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Canadian Internet Defamation Rulings
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2009 March 23
Warman v Wilkins-Fournier, [2009] O.J.No. 1305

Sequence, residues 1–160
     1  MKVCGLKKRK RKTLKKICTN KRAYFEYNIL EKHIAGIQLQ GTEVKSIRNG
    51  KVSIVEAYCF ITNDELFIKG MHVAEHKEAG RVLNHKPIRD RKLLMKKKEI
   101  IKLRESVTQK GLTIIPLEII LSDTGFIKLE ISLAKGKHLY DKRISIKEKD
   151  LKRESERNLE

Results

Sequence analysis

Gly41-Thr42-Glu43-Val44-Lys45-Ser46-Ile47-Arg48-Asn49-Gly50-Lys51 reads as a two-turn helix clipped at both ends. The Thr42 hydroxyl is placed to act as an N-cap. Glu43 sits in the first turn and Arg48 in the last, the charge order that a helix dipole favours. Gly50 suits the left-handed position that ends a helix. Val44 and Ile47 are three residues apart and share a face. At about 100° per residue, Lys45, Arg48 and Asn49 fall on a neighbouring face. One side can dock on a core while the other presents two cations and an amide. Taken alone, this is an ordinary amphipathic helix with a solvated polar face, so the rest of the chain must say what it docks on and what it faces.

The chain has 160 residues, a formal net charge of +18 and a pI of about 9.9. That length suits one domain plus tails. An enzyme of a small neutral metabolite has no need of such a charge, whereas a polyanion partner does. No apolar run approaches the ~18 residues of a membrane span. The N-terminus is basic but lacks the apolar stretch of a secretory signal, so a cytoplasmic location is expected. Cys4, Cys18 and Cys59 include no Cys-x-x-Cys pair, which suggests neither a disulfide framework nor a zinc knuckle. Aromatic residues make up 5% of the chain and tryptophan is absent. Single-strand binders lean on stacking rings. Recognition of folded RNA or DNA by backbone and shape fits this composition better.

The Ontario Superior Court ordered that the defendants, owners and operators of an Internet website, produce relevant documentary information either identifying, or that could assist the plaintiff in identifying eight John Doe defendants in this case. Under the Ontario Rules of Civil Procedure, the defendants must provide an Affidavit of Documents which includes a list of names and addresses of persons who might reasonably be expected to have knowledge of the matters in issue in the action. The Court rejected the defence argument that the plaintiffs were obligated to establish a prima facie case and that disclosure should not be automatic on issuance of a statement of claim, distinguishing Irwin Toy v Doe, [2000] O.J. No. 3318 on the basis it concerned the obligations of a non-party and the plaintiff required a court order to compel the non-party to produce documents. The obligation is on the defendants to disclose and the plaintiffs were not required to prove a prima facie case. The court also noted: “The Irwin Toy case was decided in 2002 and cites no other case law. At that time [the judge] may have simply felt that the issue was too novel.” The court also concluded that there is no reasonable expectation of privacy in one’s IP address information, relying in part on R v Wilson, [2009] O.J. No. 1067 (2 February, 2008).